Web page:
HomeMoorestown NewsChurch sees leadership turnover as two women take charge

Church sees leadership turnover as two women take charge

First United welcomes first female lead pastor and new associate pastor.

As society emerges from the pandemic to embark on a new chapter, the First United Methodist Church of Moorestown is also turning the page with two women at the helm for the first time in its history. 

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Rev. Dr. Gina Hendrickson is the first woman appointed as lead pastor at FUMC, a church whose origins date back to 1815. Rev. Jessica M. Campbell will serve alongside her as associate pastor. They will assume their new roles on July 1.

For Hendrickson, religious life wasn’t initially in the cards. Her father was a Marine, so the family moved around a lot. Given the transient lifestyle, church didn’t come until later. Hendrickson’s mother was Episcopalian, and her father was Catholic. But when they settled in Ocean Grove, there was only one church in town, and it was Methodist.

When Hendrickson’s parents divorced, she remained in the town and was invited by her  best friend to a youth group gathering. Hendrickson said she’d never had a personal relationship with Christ prior to that, but as she got more and more involved with the youth group, she began to understand how that relationship could enhance her life.

“Youth ministry was a place where I was accepted, as I was with people who loved me no matter what,” Hendrickson recalled. “It was a great opportunity for me to explore and live life together as a family of faith.” 

Rev. Dr. Gina Hendrickson.

She attended Trenton State College (now The College of New Jersey), where she studied criminal justice, and continued to be involved with her home church’s youth group. Hendrickson was convinced she would become a police officer and was one of only 23 women accepted into the New Jersey Police Academy the year she applied. 

But one week into the classes, she knew it wasn’t the right fit, so she became a probation officer with the family division of Monmouth County court. Hendrickson  explained that  in the division, probation officers are more akin to social workers, and she dealt with families in crisis, domestic violence and an array of other serious issues.

After five years in that job, Hendrickson considered pursuing a master’s in social work. But as she thought more about it, she decided that with a master’s in divinity, she could incorporate her desire to help people with her faith. Hendrickson earned that master’s  at Bangor Theological Seminary in Maine and her doctorate of ministry from Drew University. She has since served as senior pastor at St. Andrew’s of Cherry Hill,  Associate Pastor of St. Peter’s Ocean City and Pastor of St. Paul’s New Gretna and Oceanville, the first female in all those roles.

For the past seven years, she’s served as the Methodist Church’s Northern Shorn District superintendent, a role in which she oversaw 58 churches. As she comes to Moorestown, what she’s most looking forward to is having one home church where she can worship.

“I really miss being in the heartbeat of a local church,” she said.

A youth group also drew Campbell to the ministry. Growing up in Michigan, both her grandfather and great uncle were United Methodist clergymen, but the desire skipped a generation with her parents.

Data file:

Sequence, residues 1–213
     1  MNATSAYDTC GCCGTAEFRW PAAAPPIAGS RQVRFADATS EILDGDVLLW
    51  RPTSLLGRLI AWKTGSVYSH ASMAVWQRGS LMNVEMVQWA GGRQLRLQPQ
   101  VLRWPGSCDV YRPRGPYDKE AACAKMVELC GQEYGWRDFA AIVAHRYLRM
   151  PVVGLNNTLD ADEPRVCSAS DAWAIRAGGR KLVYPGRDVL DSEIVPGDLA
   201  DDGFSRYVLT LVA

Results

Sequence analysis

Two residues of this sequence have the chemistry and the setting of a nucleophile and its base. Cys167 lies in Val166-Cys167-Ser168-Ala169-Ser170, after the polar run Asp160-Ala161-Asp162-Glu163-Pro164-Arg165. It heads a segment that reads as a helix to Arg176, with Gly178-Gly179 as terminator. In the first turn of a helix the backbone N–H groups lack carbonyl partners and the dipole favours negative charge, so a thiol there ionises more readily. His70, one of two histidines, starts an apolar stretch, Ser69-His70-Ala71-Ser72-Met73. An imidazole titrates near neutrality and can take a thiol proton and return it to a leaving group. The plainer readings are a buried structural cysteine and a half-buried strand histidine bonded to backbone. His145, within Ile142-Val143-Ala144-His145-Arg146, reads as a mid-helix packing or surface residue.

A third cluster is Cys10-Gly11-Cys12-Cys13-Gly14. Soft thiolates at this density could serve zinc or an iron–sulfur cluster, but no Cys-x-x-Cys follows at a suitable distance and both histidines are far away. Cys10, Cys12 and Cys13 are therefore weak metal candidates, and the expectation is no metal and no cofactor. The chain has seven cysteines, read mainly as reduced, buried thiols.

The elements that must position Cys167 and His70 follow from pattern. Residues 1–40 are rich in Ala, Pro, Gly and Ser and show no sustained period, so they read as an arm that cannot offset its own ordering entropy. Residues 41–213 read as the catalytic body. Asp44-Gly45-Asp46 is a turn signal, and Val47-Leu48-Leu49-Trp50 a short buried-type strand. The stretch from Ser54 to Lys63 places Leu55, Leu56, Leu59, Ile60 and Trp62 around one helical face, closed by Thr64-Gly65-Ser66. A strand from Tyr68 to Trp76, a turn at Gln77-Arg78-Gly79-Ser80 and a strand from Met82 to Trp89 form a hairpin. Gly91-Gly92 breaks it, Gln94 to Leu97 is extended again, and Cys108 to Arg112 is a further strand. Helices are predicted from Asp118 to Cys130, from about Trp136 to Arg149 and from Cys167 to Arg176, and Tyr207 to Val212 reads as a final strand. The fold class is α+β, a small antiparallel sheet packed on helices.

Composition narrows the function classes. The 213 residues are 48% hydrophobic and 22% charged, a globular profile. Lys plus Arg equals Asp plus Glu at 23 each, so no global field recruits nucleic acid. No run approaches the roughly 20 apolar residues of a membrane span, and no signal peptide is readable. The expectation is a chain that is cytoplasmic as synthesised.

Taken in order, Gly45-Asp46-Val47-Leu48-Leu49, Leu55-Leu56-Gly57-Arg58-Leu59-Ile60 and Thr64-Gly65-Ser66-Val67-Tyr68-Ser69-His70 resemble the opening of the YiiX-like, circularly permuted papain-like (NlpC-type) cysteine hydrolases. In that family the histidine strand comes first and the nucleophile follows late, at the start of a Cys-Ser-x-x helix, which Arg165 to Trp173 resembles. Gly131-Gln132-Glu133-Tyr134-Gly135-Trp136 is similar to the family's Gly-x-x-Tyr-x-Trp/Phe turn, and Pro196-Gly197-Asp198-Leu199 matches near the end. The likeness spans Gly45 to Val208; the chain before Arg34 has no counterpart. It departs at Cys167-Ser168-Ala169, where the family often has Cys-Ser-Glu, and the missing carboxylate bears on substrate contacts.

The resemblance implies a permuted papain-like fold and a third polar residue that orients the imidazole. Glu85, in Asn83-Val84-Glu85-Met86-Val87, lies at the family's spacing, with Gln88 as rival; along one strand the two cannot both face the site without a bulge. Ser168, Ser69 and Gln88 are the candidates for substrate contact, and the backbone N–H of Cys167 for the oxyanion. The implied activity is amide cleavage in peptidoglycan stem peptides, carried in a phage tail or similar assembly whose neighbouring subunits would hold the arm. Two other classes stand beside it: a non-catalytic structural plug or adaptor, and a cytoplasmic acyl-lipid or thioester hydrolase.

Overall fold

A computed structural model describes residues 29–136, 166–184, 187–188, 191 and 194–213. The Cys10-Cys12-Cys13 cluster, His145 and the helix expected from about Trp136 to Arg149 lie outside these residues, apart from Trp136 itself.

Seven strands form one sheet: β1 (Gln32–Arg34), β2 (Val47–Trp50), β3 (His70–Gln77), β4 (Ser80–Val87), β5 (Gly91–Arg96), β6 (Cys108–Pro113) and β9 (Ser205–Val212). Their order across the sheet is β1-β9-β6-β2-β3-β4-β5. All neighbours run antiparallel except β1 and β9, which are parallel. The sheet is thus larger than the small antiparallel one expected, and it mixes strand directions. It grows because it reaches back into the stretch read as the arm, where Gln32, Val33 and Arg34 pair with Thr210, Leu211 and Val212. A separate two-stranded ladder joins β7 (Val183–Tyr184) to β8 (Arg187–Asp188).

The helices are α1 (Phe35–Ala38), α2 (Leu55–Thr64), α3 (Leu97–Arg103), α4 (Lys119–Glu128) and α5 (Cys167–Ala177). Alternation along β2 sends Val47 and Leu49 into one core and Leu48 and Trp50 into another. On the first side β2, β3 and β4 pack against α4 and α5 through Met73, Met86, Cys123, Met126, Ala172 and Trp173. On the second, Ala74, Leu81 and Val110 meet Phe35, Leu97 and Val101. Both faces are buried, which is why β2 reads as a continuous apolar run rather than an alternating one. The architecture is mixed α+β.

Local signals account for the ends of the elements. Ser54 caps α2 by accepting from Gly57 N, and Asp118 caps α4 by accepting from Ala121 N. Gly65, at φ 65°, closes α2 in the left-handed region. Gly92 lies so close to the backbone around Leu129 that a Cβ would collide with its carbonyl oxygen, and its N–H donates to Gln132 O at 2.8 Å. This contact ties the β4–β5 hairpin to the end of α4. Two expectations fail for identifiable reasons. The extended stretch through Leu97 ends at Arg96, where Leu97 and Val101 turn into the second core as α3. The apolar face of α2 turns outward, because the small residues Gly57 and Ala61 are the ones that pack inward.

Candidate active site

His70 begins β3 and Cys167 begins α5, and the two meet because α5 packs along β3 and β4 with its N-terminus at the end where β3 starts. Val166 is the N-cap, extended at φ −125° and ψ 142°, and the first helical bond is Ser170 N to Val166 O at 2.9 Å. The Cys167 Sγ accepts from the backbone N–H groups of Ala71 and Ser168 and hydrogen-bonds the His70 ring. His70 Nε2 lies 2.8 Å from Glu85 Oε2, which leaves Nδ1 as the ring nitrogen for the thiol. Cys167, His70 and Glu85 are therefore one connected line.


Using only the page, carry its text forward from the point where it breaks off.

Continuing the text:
Campbell wasn’t a particularly active churchgoer, but like Hendrickson, she got involved in her local church youth group during high school. It helped Campbell form her identity and understand her sense of purpose. 

Rev. Jessica M. Campbell.

She  went to Eastern Michigan University to study elementary education, but hated one of her first classes so much, she walked out on the first day and decided not to declare a major. That summer, the pastor at Campbell’s local church, who saw she had a  natural gift for the ministry, encouraged her to shadow him.

Campbell spent the summer presiding over weddings and funerals, helped with counseling sessions and even got to preach a few times. She felt her calling during that time, and when she returned to school in the fall, Campbell changed her major to psychology, thinking it could come in handy with counselling.

Ultimately, she went to Princeton Seminary and is now an ordained elder in the Methodist Church’s Greater New Jersey Conference. From there, she served as a pastor at Franklin Lakes United Methodist Church, Thiells United Methodist Church in New York and Round Valley United Methodist Church in Lebanon. Most recently, she was a pastor at Hamilton United Methodist Church in Neptune. 

When Campbell found out about the opening at First United, she eagerly submitted her name. She was familiar with Moorestown, as well as First United’s efforts to become a reconciling community that accepts LGBTQ+ members. Campbell was also impressed by how open-minded and supportive residents seemed to be.

Both Campbell and Hendrickson have known each other for years through the Methodist community, but they are eager to officially work together. 

“I think we’re going to be a dynamic team together,” Campbell predicted. “I’m excited to see what good we will do.”

 The pastors will preside over their first services on Sunday, July 4, at 9 and 11 a.m. An outdoor service to welcome the pastors will take place at First United on Sunday, July 11, at 10 a.m. Attendees are asked to bring folding chairs, and a coffee reception will follow. 



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